Cycle Touring – Panniers and Trailers

Panniers and trailers are both excellent tools for long distance touring, each suited for different needs.  Generally panniers are better suited for lightweight to mid-weight cargo carrying and trailers are better suited for heavy lugging.  Below the pros and cons are listed for both.

 

Panniers

Cycling Panniers
Bike Panniers

An array of panniers can be carried on the front and back of the bicycle allowing for a substantial amount of gear to be carried.  Panniers are the light-weight option for cargo carrying, and are easy to transport in buses and planes (having a trailer can be very unwieldy in these situations).  Several companies, including Axiom, Serratus and Ortlieb manufacturer 100% waterproof bags.  Non-waterproof panniers along with accompanying plastic rain covers are usually lighter; however leakage is often a problem.  Riding a bicycle with heavily-laden panniers is surprisingly easy.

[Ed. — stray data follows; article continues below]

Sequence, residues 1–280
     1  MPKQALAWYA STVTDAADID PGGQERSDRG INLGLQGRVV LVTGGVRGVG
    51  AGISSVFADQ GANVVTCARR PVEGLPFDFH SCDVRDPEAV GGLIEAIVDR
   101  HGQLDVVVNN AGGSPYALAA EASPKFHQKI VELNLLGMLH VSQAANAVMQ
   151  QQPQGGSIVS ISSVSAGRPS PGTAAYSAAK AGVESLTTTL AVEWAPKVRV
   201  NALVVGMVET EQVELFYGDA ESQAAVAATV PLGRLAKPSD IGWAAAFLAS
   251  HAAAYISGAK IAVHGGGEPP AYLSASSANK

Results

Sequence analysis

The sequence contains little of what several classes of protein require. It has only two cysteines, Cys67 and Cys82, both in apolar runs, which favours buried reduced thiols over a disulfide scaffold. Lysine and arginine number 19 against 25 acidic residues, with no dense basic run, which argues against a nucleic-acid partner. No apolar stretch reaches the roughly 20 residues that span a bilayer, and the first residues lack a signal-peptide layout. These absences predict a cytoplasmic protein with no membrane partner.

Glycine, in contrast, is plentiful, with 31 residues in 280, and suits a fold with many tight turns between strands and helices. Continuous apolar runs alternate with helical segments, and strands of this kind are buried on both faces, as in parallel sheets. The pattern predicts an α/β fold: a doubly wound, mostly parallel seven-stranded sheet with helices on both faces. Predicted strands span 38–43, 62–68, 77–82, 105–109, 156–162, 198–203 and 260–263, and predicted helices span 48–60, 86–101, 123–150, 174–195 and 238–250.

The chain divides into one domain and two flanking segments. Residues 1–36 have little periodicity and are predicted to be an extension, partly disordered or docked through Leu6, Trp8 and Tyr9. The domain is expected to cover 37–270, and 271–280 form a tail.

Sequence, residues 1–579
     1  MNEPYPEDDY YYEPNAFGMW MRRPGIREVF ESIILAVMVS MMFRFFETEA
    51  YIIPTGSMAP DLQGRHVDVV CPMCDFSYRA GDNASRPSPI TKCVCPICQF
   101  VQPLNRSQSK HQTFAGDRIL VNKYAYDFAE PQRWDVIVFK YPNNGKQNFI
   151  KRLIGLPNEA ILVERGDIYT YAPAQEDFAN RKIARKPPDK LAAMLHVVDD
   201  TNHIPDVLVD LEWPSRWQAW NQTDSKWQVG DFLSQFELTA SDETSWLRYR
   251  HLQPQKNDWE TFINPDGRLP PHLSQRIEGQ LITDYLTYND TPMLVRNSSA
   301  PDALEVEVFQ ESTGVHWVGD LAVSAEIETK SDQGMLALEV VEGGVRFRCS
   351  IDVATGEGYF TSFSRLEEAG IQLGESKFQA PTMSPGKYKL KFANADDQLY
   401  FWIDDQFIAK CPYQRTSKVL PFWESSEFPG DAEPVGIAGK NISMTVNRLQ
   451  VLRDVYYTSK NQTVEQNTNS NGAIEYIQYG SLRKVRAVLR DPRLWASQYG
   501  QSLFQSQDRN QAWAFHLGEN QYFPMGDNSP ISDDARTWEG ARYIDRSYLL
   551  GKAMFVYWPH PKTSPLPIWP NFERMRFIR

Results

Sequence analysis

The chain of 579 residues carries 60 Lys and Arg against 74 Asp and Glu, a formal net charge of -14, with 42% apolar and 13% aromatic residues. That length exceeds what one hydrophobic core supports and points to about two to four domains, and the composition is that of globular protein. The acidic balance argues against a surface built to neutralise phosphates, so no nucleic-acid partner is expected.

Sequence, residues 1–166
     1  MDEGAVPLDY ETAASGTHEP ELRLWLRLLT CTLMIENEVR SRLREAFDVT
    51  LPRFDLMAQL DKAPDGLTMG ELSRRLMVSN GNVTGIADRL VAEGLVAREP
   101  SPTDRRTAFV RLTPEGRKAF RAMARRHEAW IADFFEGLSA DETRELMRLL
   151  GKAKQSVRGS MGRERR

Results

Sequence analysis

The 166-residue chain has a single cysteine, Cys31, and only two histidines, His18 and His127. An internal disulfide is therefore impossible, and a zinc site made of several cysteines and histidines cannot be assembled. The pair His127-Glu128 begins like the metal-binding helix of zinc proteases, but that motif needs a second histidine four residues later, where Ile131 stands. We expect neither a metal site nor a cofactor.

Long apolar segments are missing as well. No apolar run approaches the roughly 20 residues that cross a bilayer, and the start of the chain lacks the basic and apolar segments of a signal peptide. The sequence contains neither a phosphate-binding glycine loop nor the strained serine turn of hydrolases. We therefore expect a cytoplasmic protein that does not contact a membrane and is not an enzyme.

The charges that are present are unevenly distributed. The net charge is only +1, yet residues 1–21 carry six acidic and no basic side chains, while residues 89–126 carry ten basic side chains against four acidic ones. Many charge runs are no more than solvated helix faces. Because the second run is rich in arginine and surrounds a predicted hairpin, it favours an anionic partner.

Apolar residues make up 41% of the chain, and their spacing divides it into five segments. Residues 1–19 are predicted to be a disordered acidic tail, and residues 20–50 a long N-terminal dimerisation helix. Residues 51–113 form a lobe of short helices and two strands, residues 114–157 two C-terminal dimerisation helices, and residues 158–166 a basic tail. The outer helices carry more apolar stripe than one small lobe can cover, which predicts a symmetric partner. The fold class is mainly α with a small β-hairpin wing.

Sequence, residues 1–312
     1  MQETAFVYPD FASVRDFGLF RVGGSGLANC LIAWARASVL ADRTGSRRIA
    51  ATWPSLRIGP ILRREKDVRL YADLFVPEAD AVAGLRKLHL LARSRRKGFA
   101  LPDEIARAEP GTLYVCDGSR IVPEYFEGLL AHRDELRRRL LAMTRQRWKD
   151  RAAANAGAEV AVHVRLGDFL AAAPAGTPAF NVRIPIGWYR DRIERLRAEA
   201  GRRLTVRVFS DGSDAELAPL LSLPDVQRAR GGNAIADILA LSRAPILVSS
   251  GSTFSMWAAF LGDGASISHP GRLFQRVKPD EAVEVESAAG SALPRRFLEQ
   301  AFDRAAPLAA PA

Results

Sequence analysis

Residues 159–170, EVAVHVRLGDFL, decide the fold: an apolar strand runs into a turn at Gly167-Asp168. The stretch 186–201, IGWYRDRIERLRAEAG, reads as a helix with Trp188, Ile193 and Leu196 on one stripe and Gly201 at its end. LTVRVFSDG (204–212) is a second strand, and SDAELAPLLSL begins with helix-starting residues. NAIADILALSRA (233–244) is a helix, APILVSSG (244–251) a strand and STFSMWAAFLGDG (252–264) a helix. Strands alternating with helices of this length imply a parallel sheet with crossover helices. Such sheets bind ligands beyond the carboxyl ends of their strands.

Additional equipment such as sleeping mats or tents can be bungee strapped onto the back rack between the two back panniers.

Handlebar bags are also very useful for packing quick access items such as sun block, glasses, maps and snacks.

 

Racks 

Front and rear racks are required to affix panniers to your bicycle.  Generally they are made from aluminum, and come in a variety of designs.  Axiom makes a stainless steel model which is bullet-proof and ideal for expedition touring.  Stainless steel is significantly heavier and more expensive than aluminum, making it unnecessary for general touring.

 

Trailers

For those carrying a full-on load, a trailer might be for you.  Too much weight on a bicycle can cause damage (popping spokes, premature bearing wear, and tire pinching).  It can also make the bicycle unstable and dangerous to ride.  The solution is to move some or all of the gear onto a trailer.  Trailers create slightly more friction due to the extra wheel(s), although some claim wind resistance is reduced (by keeping the baggage in line with your body). Trailers do increase the total number of wheels, and therefore, the number of flat tires.